After several months of budget cuts, it was a surprise to some that the governor did not propose any more reductions in his supplemental budget. He will present that budget to the legislature’s joint appropriations committee on Monday. Prior to that meeting the governor agreed to join Bob Beck to discuss his budget strategy.

Bob Beck

The Wyoming Cowboys will play for their first conference title in 23 years Saturday when the Pokes host San Diego State in the Mountain West Conference Championship football game. Wyoming beat San Diego State two weeks ago 34 to 33. Cowboys head coach Craig Bohl said he expects another battle.

December 2nd, 2016

Dec 2, 2016

Listen to the full story here. 

GOP Politicians Won't Keep The Sage Grouse From Listing

Wyoming Republicans were dealt a setback in their efforts to keep sage grouse off the federal endangered species list. Correspondent Matt Laslo has the story from Washington. 

 

Bob Beck

  

Over the last several years a number of right leaning activist groups have gotten themselves heavily involved in Republican politics in the state. WyWatch was a group that pushed anti-abortion and family value legislation and Wyoming Gun Owners pushed for expanded gun rights. But the group with perhaps the biggest impact is the Wyoming Liberty Group.  

Wyoming Governor Matt Mead says the state’s biggest future budget concern is K-12 education funding. During a news conference discussing his current budget request, the governor said school funding could face a shortfall of over $600 million in the next budget cycle.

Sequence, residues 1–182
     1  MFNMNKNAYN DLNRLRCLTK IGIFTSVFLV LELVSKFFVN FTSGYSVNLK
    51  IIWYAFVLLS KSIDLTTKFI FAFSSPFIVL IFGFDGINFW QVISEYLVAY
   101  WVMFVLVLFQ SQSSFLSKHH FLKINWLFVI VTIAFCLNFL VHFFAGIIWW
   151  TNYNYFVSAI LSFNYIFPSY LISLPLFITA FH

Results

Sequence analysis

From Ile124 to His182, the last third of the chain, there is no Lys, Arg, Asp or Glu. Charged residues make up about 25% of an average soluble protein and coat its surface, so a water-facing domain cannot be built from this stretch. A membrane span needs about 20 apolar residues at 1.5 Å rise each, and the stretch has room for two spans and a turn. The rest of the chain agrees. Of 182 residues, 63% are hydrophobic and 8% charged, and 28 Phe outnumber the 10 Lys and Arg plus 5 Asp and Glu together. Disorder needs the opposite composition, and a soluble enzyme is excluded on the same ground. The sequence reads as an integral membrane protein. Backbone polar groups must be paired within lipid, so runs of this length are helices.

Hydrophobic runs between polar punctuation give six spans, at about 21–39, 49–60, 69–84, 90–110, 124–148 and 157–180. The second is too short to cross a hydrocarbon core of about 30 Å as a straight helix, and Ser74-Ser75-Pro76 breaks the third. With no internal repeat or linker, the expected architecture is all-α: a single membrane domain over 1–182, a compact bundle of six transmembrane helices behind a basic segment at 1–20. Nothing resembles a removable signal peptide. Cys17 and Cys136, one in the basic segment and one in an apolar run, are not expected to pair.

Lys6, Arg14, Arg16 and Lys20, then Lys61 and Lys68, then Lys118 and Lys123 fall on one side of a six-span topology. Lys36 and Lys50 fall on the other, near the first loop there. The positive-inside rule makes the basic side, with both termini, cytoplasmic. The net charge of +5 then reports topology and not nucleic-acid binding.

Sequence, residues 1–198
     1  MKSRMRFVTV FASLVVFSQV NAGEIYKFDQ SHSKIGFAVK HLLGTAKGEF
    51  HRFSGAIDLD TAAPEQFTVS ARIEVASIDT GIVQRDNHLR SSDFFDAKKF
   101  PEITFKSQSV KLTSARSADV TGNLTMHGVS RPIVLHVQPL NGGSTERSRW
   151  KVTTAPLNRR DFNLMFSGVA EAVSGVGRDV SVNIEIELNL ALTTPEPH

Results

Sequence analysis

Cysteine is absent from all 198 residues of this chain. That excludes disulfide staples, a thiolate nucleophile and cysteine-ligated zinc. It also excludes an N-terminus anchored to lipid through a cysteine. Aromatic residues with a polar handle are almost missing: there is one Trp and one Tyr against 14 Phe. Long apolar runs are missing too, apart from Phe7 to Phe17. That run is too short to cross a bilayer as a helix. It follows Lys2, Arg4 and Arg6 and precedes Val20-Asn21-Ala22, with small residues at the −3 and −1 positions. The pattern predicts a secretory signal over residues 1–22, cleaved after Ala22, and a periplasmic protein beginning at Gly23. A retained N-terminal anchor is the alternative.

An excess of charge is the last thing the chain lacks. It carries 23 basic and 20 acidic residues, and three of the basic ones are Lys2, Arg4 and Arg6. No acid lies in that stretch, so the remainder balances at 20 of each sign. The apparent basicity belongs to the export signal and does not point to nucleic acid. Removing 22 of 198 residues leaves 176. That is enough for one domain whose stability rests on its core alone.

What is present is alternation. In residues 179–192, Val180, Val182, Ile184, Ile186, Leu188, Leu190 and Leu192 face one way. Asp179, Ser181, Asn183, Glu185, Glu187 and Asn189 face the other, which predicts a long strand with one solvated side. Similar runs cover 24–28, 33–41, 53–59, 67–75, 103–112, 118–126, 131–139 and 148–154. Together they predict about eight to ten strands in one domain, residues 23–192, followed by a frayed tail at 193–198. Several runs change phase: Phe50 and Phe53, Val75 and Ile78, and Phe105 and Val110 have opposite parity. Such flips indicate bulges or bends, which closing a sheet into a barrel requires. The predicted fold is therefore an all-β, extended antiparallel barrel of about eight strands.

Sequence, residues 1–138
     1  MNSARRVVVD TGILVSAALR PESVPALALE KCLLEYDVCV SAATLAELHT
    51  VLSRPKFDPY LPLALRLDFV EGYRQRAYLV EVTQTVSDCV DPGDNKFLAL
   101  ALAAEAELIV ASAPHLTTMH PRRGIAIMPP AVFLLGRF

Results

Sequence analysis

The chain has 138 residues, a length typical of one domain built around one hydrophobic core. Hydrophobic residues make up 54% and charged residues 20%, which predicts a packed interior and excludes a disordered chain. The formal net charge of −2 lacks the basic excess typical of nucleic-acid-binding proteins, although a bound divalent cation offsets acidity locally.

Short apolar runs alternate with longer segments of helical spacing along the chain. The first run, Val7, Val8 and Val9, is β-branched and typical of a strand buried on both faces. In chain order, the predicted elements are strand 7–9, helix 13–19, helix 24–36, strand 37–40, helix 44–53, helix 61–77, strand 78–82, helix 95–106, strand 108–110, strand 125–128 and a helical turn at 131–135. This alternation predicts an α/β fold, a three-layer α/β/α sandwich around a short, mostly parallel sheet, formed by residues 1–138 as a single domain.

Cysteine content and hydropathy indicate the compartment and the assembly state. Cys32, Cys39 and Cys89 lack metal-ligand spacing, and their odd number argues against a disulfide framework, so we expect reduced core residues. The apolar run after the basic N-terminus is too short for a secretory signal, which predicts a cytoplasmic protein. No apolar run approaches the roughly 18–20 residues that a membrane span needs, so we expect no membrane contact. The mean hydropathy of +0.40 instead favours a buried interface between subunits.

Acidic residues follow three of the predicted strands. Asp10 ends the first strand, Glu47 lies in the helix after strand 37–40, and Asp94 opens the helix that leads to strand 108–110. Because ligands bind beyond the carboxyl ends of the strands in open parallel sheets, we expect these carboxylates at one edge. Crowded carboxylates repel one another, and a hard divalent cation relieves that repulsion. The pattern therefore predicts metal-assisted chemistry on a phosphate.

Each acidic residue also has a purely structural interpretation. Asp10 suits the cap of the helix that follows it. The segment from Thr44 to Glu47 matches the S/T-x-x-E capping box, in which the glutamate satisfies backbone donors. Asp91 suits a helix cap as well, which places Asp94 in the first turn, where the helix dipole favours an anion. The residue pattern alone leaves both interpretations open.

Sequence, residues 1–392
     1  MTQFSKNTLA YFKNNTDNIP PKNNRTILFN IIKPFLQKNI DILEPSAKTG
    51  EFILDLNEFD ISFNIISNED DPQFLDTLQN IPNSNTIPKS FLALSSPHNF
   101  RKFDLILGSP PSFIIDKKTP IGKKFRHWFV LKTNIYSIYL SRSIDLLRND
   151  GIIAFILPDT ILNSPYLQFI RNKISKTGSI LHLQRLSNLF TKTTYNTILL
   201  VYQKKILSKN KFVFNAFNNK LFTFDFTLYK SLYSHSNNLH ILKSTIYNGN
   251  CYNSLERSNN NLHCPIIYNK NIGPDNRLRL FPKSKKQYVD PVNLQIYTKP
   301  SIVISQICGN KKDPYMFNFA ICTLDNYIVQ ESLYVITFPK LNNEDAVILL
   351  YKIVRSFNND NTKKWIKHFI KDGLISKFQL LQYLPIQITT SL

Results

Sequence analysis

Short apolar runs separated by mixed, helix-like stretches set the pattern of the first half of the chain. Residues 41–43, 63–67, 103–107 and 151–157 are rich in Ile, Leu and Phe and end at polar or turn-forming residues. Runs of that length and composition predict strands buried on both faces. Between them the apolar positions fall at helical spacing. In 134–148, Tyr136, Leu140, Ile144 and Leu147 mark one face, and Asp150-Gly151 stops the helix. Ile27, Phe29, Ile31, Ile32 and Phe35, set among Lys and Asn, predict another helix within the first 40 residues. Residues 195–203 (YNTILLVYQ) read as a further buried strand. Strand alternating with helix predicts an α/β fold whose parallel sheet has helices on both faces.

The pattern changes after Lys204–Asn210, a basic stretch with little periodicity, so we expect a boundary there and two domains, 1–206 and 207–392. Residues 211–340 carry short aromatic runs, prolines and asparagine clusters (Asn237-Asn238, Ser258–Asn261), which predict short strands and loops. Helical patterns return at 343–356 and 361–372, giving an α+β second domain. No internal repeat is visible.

To address the issue the governor is once again pushing to create a task force that would focus on school funding issues. He said the task force needs to include parents and educators.              

Bob Beck

Wyoming Governor Matt Mead unveiled a mostly flat supplemental budget that features no new budget cuts.

The governor is proposing limited spending, using only a small portion of the legislature’s rainy day fund for things like Title 25 that addresses those with mental health issues, and a contingency fund for corrections. He put forth bonding as a way to fix problems with the prison in Rawlins.  

The Wyoming Legislature's Joint Education committee is drafting two pieces of legislation that could significantly reduce the amount of money that school districts get through the school funding model.  

One would raise the class sizes in the funding model, which would lead to the reduction of millions of dollars that currently flow to school districts. Sweetwater County School District two is based in Green River. 

Shelley Simonton

With the economic downturn, sales tax income has plummeted and local government finds itself in a world of financial hurt. Hiring freezes, layoffs, decisions not to move forward with road repairs, and the reduction of other services have either been approved or contemplated across the state.

Recently the Wyoming Association of Municipalities, or WAM, urged the legislature’s revenue committee to consider ways to allow communities to generate more revenue. Bob Beck asked WAM Executive Director Shelley Simonton how dire the situation is.